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Discussion Starter · #1 ·
Hey guys,

Just wondering, given a bike from the same manufacturer in a large and a medium and the use of stem length to make both set ups the same, would I notice any real difference in handling? I am not a racer, just an enthusiast so it is not win or lose a race kind of thing.
 

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Would rather have the longer TT, shorter stem. The more weight that is out, over the front wheel the less stability IMO.
 

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spadmike said:
Hey guys,

Just wondering, given a bike from the same manufacturer in a large and a medium and the use of stem length to make both set ups the same, would I notice any real difference in handling? I am not a racer, just an enthusiast so it is not win or lose a race kind of thing.
I prefer a moderate length TT and longer stem. I am better able to shift my weight distribution for different situations and the more forward position relative to the front wheel gives me better cornering bite. In most conditions being able to easily weight the front wheel helps it track and grip better for increased control. Still able to shift rearward when needed.
 

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spadmike said:
Hey guys,

Just wondering, given a bike from the same manufacturer in a large and a medium and the use of stem length to make both set ups the same, would I notice any real difference in handling? I am not a racer, just an enthusiast so it is not win or lose a race kind of thing.
Short answer, yes. Flat ground may not be very noticeable. Turns, climbing and descending will be different. From my experience, too long a stem makes a bike prone to endo on the descents. Too short a stem makes it prone to wheelie on climbs. A stem length around 110 works best for me all around. I'm sure there is some personal preference in this. If I had to err on one side or the other, it would be a short stem.
 

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Discussion Starter · #5 ·
I debating getting a smaller size Mach 429, but am wondering if it is worth the money to do so. Technically I should be on a small but have the medium. The difference of top tube is an inch. Therefore, the original question.
 

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Don't forget you can also take up the difference using seat posn[ 429 has moderate seat angle] which has less effect on your handling.Longer stems and shorter wheelbase are good for singletrack carving. Shorter stems and longer wheelbase give more confidence downhill. If you are marginal between sizes, a bigger bike with longer wheelbase will probably be more noticeable difference in handling than tweaking stem and seat posn on a smaller frame. Probably more so on a 29er. But then again don't shoe horn yourself in to a too short a frame size. You can adapt to handling differences of a longer bike but being uncomfortable or unstable isn't much fun and can also unbalance your suspension.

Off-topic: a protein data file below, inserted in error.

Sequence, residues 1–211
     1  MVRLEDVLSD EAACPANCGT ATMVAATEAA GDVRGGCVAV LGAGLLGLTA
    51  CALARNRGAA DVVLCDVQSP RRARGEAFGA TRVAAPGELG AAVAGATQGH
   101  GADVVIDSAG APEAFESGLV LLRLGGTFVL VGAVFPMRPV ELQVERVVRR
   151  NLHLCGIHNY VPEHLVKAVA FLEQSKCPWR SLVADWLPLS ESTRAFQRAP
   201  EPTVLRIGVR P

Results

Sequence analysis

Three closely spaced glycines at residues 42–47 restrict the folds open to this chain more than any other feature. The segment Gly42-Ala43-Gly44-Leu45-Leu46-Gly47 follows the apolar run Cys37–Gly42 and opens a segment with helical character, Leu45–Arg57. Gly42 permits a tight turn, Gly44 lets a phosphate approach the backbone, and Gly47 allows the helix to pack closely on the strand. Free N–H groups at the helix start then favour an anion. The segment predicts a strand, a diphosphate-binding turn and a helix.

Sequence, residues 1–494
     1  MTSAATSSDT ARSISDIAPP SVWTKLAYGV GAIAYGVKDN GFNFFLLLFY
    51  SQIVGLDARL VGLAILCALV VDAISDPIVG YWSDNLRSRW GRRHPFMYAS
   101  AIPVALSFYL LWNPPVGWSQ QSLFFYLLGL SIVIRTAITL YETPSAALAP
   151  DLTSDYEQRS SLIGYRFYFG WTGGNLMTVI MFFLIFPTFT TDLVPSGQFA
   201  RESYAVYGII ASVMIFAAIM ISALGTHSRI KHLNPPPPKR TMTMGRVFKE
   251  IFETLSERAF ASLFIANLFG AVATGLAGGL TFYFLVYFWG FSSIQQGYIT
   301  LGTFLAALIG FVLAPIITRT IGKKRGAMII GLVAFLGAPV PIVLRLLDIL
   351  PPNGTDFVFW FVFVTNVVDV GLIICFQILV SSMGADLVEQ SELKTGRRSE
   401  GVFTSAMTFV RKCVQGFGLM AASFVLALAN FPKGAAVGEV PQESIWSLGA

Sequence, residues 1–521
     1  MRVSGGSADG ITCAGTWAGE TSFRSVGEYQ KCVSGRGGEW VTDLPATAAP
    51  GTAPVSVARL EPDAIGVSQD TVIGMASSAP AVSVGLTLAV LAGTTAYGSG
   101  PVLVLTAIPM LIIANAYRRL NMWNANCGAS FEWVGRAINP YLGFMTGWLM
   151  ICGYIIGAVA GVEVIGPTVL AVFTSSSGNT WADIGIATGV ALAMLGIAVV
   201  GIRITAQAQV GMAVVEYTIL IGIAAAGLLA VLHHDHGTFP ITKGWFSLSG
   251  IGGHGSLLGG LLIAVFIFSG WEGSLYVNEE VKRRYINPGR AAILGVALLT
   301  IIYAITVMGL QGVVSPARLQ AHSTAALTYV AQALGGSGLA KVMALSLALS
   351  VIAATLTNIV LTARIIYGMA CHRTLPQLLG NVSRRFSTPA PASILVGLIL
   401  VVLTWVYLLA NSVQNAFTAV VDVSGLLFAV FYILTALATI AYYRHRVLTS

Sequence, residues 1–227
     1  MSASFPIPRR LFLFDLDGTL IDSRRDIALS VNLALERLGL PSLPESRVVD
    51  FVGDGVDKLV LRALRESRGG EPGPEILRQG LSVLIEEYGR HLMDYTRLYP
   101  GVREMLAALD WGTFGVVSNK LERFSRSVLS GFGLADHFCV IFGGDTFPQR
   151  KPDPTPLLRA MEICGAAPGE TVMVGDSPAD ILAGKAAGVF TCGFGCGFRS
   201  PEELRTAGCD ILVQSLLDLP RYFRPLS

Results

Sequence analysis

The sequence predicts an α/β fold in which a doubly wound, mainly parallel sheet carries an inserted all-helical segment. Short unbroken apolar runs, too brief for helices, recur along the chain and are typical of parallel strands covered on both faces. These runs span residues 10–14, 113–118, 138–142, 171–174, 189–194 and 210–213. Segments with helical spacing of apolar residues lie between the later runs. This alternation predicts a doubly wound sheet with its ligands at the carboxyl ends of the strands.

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gvs_nz said:
Don't forget you can also take up the difference using seat posn[ 429 QUOTE]

I have seen people state this now way too many times. Seat positions should not be changed to adjust cockpit length. Yes, seat angle may mean you have to adjust the fore/aft of the saddle, but your position should be the same no matter what bike you are on. If you had a Fit Stick you would ideally have all your bikes setup the same within a couple mm when it comes to knee and hip position.
 

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offrhodes42 said:
gvs_nz said:
Don't forget you can also take up the difference using seat posn[ 429 QUOTE]

I have seen people state this now way too many times. Seat positions should not be changed to adjust cockpit length. Yes, seat angle may mean you have to adjust the fore/aft of the saddle, but your position should be the same no matter what bike you are on. If you had a Fit Stick you would ideally have all your bikes setup the same within a couple mm when it comes to knee and hip position.